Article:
Night buses run from midnight to 6:00 and have the letter "N" before the bus number. They all either used to start at or go through Trafalgar Square, while now you've to look around that area. Anyway, head there if you're in Central London and need to get home.

Bus fares are simple: all fares in Central London cost the same, and all fares in outer London cost less. If you need to take not less than three buses, get a one-day bus, so you can travel the whole day (it can't be used on night buses).

The red and yellow Stationlink buses (ph. 0207 222 1234) connect all the main London rail stations.

The UK national bus system is very good with most long distance bus trips leaving from the Victoria Coach Station (ph. 0990 808080), which is situated near the Victoria train station. National Express (ph. 0990 808080) reaches all destinations in Britain. Green Line serves the suburbs and reaches a lot of interesting places around London (ph. 0870 6087261. Eurolines (ph. 0990 010104) run coaches to over 400 towns and cities across Europe from London Victoria. Eurobus (ph. 0118 936 2320) have passes for Europe covering all zones from Spain to Germany.



After that British Rail has been privatised, there are several different companies providing rail services. For information on train services and times phone National Rail Enquiries on 0345 484950.

National Rail trains depart from key stations throughout London taking you out of London, or to areas in London that are not serviced by the Underground. You can use your Travelcard if you're keeping within your zones, or else you'll be able to purchase an extension on your Travelcard.

Some key stations are:

On some services you may be able to make large savings by booking early. Super Apex tickets offer the lowest fare but must be booked at least 2 weeks in advance, Apex tickets offer a discount for booking one week in advance. Advanced tickets need to be bought by 14:00 the day before you are due to travel. All reduced price fares are subject to availability but always be sure to ask what the cheapest available ticket is. If you are between 16 and 25 years old, and plan to use rail services frequently, you can get a Young Person's Railcard, which can save up to one third on most fares. You can pick up an application form at any main line station and you will also need to provide proof of your age and two passport photos.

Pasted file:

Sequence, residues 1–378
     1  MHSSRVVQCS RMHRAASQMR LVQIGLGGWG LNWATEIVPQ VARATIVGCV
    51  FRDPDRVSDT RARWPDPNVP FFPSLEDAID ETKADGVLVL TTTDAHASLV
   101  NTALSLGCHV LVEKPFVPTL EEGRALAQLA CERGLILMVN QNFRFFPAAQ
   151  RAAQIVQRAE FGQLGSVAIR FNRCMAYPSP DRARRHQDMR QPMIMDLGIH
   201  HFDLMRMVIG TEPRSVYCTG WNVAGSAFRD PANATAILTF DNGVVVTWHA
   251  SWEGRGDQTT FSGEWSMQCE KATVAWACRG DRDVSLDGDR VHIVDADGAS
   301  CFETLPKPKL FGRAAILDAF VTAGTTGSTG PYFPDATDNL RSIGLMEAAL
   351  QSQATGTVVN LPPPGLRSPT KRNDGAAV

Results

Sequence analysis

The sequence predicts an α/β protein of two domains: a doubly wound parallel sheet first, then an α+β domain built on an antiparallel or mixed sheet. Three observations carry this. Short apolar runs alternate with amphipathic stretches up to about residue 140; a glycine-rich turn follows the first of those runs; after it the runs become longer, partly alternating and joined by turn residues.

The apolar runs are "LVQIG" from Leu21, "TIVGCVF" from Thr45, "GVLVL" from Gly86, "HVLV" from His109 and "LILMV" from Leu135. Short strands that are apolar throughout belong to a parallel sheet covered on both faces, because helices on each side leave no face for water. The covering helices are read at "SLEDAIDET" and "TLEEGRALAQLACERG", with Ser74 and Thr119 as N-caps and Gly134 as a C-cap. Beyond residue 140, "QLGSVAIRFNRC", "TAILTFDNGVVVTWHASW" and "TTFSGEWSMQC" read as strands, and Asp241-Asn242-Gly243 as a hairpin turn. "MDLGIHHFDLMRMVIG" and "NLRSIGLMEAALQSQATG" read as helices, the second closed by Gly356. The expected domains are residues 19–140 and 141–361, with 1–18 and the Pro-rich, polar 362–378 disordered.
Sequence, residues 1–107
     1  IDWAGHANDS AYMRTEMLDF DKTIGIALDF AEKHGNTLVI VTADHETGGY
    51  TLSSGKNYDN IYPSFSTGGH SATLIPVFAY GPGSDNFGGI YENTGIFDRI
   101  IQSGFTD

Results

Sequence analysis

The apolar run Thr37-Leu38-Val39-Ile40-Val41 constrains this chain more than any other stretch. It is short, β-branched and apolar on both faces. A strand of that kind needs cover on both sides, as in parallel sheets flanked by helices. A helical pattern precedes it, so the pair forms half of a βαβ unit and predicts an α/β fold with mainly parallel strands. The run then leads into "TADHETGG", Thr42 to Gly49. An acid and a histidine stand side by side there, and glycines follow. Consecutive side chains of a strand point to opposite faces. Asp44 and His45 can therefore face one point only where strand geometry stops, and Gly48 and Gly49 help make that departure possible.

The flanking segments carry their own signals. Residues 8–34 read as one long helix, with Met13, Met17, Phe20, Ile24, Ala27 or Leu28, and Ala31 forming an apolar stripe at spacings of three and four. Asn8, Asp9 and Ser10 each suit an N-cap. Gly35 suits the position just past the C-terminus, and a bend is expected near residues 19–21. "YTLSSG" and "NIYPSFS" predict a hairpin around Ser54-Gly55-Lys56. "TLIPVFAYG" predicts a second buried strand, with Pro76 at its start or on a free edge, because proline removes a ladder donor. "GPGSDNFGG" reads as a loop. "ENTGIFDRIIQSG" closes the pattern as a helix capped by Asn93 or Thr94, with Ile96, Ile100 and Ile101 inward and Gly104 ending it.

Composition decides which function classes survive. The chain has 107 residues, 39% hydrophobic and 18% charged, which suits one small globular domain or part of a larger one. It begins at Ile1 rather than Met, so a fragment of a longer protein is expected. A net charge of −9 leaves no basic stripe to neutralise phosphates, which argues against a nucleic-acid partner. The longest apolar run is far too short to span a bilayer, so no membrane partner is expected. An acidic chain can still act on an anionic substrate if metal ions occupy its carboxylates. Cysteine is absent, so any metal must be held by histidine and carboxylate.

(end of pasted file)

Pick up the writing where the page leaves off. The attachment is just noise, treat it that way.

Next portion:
Taxi Drivers are not obliged to accept a hiring of over six miles, or over 20 miles for a journey from London Heathrow Airport, but if they do, and the journey is wholly within the London area, the fare payable is as shown on the meter. If a driver accepts a hiring to a destination outside the Greater London area, the fare becomes negotiable, and should be agreed beforehand. It is accepted practice to give a tip of around 10%.

Do not use unauthorised drivers who offer their services at airports and stations.

The familiar-shaped London taxis are called black cabs. If the yellow 'For Hire' light on the roof is illuminated, you can stop the cab in the street. To hail a cab all you have to do is fling your arm up in the air like they do on the movies, though you don't need to tell "Taxi!". If the yellow light is not on and the cab is empty it usually means the cabbie is on his way home. They might stop, but they are not obligated to.

Drivers of black cabs are licensed and have passed a test called 'The Knowledge', which means they generally know the city extremely well. Black cabs are a bit more expensive than public transport, but they can carry five passengers so work out quite economical if there are a few of you. The meter is clearly visible so you can keep watch of your fare.

To book a cab by phone, call the 24 hour black cab service on (ph. 020 7286 0286), Radio Taxis (ph. 0207 272 0272) or dial a Cab (ph. 0207 253 5000). If you have any other queries call the Public Carriage Office on ph. 020 7230 1631. Addison Lee (ph. 0207 387 8888) is one of the biggest more reliable companies. Women may prefer to use Ladycabs ph. (0207 254 3501) which employs women only drivers.